more than 4 years ago

PA Appeals Court Weighs Punishment For Students' Online Parodies

tarlss Outside of school, the law rules. (319 comments)

The principle has no power outside of school. If say, his ex-wife made such a post, there would be little he could do about it other than sue.

If say, some anonymous trolls on 4chan made such a post, they would probably get off scot-free.

The principle is obviously abusing his power, by using it to punish for acts outside of his jurisdiction. That would be like punishing children in order to coerce their parents into doing something.

more than 4 years ago

Australian Schools To Teach Intelligent Design

tarlss To be fair (714 comments)

Back in grade school we did spend a good amount of time on Greek and Native American Creation myths...discussing Christian creation myths would only be fair.

ID should be placed in the backseat of history as far as education is concerned, along with Aztec Sun Gods, Zeus and Osirus. Knowledge of that stuff is definitely important in analyzing multiple perspectives from multiple cultures, and in the long run it means ID will be considered a fanciful, romantic, and dead religion that a bunch of people got riled up about.

more than 4 years ago

Google Reportedly Ditching Windows

tarlss Isn't losing access to Office the whole point? (1003 comments)

This is Google we're talking about here.

If they're forcing googles to ditch Outlook, Excel, etc and all the other crutches they've been using for business software, what do you think these guys are going to do?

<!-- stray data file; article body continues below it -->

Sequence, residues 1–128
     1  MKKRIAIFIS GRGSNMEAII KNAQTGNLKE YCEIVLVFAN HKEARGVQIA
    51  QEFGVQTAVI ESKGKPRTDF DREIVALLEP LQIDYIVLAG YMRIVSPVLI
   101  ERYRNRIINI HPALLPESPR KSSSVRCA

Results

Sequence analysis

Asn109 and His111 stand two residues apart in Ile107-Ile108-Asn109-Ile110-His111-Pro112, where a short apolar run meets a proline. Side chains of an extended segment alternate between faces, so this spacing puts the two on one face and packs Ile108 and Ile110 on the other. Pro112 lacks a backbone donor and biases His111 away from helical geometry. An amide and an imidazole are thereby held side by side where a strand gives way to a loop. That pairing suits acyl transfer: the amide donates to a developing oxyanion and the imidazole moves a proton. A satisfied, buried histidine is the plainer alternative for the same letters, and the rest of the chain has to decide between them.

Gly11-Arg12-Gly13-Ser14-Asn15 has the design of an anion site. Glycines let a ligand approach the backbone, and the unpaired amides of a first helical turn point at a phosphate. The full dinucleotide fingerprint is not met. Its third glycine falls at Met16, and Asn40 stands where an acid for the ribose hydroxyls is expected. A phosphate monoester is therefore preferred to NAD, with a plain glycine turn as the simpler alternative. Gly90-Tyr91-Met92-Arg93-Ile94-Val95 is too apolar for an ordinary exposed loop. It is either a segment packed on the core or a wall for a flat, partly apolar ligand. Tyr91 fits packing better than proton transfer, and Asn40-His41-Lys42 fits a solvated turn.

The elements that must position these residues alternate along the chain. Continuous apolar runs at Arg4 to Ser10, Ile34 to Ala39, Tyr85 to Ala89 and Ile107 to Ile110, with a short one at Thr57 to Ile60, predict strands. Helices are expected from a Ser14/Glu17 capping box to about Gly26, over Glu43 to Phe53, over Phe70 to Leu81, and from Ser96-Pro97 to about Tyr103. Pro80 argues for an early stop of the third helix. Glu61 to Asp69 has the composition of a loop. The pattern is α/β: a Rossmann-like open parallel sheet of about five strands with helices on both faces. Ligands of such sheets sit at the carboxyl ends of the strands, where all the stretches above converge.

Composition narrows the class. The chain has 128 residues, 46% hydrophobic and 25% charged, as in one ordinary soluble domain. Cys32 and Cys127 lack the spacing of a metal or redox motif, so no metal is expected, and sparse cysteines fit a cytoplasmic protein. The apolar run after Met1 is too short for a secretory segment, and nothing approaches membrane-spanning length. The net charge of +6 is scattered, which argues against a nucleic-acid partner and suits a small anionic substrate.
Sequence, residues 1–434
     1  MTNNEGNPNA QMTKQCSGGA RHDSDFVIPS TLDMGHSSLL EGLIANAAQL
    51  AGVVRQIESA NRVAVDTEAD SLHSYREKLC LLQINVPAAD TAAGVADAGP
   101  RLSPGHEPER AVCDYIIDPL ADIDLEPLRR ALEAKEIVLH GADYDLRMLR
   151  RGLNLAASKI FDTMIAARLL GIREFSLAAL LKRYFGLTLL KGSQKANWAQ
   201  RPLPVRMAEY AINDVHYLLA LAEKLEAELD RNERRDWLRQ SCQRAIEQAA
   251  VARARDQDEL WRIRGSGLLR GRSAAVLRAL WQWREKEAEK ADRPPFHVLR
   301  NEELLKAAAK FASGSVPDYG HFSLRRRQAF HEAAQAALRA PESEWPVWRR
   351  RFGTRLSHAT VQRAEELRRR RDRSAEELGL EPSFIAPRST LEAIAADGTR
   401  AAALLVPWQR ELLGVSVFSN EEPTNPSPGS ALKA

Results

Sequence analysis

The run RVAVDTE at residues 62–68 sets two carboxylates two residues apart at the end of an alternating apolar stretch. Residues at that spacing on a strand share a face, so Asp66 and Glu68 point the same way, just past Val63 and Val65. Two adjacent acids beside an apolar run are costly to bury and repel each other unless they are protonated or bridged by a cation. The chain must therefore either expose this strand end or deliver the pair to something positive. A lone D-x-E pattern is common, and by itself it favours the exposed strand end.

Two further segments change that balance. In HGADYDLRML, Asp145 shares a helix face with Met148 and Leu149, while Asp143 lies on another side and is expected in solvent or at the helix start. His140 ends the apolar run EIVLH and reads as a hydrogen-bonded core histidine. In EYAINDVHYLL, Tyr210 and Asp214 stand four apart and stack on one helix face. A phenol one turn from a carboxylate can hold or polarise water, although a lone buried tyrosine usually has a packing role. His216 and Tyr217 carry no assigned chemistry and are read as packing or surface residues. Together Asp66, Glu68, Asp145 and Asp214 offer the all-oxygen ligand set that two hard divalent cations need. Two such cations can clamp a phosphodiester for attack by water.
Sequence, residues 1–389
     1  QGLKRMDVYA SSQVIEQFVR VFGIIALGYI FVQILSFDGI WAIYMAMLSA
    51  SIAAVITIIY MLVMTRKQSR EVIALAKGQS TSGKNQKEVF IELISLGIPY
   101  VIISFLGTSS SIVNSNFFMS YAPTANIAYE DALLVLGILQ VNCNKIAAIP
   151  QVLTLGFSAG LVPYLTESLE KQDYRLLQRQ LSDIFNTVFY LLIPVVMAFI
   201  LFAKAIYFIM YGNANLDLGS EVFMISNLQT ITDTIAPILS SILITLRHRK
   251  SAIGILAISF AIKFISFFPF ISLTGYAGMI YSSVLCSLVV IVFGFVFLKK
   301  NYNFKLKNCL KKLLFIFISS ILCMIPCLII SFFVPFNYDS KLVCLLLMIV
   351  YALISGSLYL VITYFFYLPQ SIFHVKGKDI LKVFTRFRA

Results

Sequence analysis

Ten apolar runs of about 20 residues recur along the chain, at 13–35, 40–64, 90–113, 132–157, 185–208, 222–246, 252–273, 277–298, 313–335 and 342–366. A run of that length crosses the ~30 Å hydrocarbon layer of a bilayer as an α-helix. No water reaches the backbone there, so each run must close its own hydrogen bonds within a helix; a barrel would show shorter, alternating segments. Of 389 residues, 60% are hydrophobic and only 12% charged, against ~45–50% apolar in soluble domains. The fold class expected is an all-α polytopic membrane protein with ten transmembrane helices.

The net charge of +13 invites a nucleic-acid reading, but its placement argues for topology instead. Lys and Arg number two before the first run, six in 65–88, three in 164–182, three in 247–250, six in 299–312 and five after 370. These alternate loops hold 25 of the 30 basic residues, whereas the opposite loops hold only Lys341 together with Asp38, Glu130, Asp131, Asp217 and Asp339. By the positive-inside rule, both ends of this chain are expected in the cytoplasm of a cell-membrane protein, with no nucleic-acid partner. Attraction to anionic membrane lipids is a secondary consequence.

THEY'RE GOING TO PROGRAM NEW SOLUTIONS! Come on, this is Google, a major software house, that you know, has the objective of creating a competitive online alternative to Office?

This move was probably done to force programmers and office staff to get used to Office alternatives and eventually come up with their own solutions. Foster creativity through adversity.

This would be a stupid move for say, a banking firm, but this is a major software engineering house. Sure , they'll go weeks, months, maybe even years running inefficient office software, but eventually one of their engineers will get sick of it and come up with something that works.

more than 4 years ago

Mixed Signs On the State of IT Education

tarlss Re:Job applicants have cookie-cutter knowledge (257 comments)

Dude, WTF?

Maybe here's the problem.

Instead of using buzzwordalicious phrases like "Object-Relational Impedence Mismatch!"

You should probably say "Problems that crop up due to trying to translate RDBMS into Object Oriented Models"

This is exactly what I'm doing now. I recalled your term because it's basically compiler-speak. I bet people started using that because that was just an error message that your programs barfed out from time to time.

I think most people haven't heard these words because honestly, they're pretty much cumbersome and unpronounceable. I couldn't say that to...well, any other human being with a straight face and expect him to know what the hell I was talking about.

It's pretty much the symptomatic problem of trying to take a complex idea and boiling it down to a set of meaning words. I mean, come on, people are NOT HASHMAPS!

more than 4 years ago

Mixed Signs On the State of IT Education

tarlss NEWS FLASH! (257 comments)

Crusty Old Guys think New Guys Can't Hack It.

This sort of thing crops up every once in a while on Slashdot about how stupid recent college grads are. I mean, can't we go back into the old days when the REAL Geniuses like Archimedes and Newton grokked physics WITHOUT electricity! Or Indoor plumbing!

Fact is that new people haven't been grinded through the mill of real life. Eventually the worthless programmers will get fired and go work at a diner in Jersey.

Quite frankly, I've never had to manually translate hexidecimals or manage memory, but I'm still doing a great job doing what my job entails, putting together web applications in Java.